Where are the big guns of the ‘No’ campaign? Where is Paul Keating and his ‘two blokes and a cocker spaniel’ don’t make a family? Silent it would seem.

More’s the pity then that a golden opportunity was lost recently to put the arguments against change to a mass audience. The man who could have put it is he who you would think would be the cover boy for traditional marriage, Waleed Aly, the Left’s favourite Muslim.

As some Speccie readers might (one would hope) not know, Waleed is co-host of The Project, Network Ten’s nightly exercise in spoonfeeding modish leftism to a viewership of tradies and their families. On the show with him was over-the-hill ‘comedienne’ Magda Szubanksi, who after a spell as a paid fat-shamer has turned herself into a standard-bearer for gay marriage. While Magda pulled out all the stops in a tearful plea for her latest cause, Waleed sat silent – unusual behaviour for someone who is generally not shy of propounding the views of Islam (in a nice way of course, no threats of decapitation to those who disagree). Others on the panel, among them Christopher Pyne MP, were all understanding looks and sympathetic nods. Waleed remained expressionless. When at last Magda wound up her performance in a flood of morally superior lachrymosity (you can watch it at www.youtube.com/watch?v=nVXcZNcY1Yo), Waleed broke his silence to say that she had ‘outlined really powerfully what’s at stake’. She hadn’t. She had recounted a private experience of medical legalism but put no argument. He then invited her to hog the limelight a bit longer by asking if she was worried that ’young people’ wouldn’t bother to vote (oh but she was.)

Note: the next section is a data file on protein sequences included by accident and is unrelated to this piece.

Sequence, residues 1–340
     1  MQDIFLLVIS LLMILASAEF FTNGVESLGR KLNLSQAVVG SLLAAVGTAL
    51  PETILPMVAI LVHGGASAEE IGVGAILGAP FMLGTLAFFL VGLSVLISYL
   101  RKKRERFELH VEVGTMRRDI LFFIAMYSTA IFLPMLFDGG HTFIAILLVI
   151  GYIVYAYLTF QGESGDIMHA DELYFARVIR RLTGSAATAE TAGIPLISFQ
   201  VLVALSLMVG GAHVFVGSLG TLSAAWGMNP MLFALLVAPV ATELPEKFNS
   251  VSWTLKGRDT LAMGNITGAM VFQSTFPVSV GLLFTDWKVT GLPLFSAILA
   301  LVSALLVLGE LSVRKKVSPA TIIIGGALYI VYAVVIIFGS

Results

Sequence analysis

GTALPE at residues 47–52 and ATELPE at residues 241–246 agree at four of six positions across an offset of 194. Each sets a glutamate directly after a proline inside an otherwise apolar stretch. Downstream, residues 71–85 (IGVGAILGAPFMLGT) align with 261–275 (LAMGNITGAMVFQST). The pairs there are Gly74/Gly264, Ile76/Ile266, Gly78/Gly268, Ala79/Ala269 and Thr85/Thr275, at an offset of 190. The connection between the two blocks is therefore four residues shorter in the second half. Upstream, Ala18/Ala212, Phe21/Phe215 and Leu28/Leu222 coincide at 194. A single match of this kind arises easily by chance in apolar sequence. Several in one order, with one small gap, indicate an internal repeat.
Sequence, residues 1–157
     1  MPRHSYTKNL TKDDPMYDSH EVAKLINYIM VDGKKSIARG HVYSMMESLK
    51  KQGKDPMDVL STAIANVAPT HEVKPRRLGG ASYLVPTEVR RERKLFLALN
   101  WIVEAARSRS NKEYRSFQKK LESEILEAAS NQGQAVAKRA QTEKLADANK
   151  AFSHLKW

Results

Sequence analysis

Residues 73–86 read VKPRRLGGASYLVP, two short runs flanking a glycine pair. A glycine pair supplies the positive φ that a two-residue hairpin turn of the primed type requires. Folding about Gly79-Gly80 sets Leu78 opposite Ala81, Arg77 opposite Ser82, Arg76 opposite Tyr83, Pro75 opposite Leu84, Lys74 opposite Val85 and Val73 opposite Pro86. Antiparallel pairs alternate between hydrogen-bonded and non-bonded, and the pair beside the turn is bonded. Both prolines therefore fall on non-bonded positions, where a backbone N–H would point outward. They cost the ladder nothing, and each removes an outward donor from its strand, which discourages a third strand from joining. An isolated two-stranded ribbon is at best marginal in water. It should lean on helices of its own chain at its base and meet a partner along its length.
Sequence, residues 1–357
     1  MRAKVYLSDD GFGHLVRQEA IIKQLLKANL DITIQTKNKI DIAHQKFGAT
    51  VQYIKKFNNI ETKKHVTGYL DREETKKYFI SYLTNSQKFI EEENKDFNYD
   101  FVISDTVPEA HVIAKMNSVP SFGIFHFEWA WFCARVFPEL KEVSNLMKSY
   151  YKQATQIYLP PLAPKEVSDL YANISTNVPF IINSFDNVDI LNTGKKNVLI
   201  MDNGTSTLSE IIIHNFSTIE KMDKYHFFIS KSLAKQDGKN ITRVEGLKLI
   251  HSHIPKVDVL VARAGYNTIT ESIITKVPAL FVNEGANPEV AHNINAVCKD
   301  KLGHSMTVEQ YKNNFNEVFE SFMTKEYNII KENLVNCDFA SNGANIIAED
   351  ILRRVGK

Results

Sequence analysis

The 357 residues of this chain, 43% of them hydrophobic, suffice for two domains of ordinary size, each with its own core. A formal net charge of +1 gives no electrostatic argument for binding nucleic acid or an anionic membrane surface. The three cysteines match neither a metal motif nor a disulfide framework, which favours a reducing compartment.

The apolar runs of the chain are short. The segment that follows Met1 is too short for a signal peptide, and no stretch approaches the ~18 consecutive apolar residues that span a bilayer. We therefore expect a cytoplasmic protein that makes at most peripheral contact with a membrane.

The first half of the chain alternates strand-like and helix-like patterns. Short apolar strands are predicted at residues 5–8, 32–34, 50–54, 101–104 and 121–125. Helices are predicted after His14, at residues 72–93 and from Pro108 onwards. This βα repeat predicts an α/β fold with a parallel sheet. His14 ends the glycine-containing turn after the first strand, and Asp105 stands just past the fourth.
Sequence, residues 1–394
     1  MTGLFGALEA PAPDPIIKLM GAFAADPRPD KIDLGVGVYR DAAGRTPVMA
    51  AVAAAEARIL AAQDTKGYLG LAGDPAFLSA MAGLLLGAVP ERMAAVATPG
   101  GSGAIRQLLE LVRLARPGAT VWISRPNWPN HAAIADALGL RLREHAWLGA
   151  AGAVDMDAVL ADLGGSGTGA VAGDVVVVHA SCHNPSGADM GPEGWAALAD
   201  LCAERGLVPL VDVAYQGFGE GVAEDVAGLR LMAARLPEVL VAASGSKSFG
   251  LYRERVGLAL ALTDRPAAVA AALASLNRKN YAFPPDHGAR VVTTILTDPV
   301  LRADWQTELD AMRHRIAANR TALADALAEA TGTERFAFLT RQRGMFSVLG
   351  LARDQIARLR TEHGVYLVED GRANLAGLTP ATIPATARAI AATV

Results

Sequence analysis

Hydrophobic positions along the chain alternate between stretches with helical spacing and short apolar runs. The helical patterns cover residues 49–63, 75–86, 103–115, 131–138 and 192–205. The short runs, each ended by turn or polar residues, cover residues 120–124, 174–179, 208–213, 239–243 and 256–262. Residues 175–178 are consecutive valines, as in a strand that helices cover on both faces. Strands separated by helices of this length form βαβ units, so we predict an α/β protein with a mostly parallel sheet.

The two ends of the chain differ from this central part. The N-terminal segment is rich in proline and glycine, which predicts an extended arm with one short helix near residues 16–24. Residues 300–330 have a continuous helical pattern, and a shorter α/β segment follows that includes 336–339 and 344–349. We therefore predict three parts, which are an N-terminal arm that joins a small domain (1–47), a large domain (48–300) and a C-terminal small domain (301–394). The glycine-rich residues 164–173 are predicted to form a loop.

Thus passed the perfect chance for a public figure who, if he is true to his religion is presumably against gay marriage, to tell us why marriage should stay as it is. What a shot in the arm for the ‘No’ cause this left-revered polymath could have delivered. True, Magda would have turned on him like a jowly tigress, but why would that worry a brave controversialist like Waleed, ever ready to put the most specious arguments to explain away the latest Muslim bomb and bloodbath? One hopes that his disinclination to take up the cudgels with equal passion against gay marriage was not motivated by a concern to retain the good opinion of his leftist admirers, who have not exactly been a hindrance to his advancement.

The Chinese café notwithstanding, I still hope that ‘No’ prevails, partly for the fun of seeing all the right people enraged and thwarted. Less frivolously, I hope the law is not changed because we have had enough chipping away at the foundations of our society and we need to recover some stability. Civilisation will not collapse without gay marriage, but it might for other reasons if certain external forces get their way. And they will if we don’t get our minds off parish-pump victim politics and remind ourselves that it’s a hostile world and we need to stand up to it. Otherwise, before we know it, we could find one of Kim’s rockets streaking down towards the marquee and ruining a gay couple’s wedding day.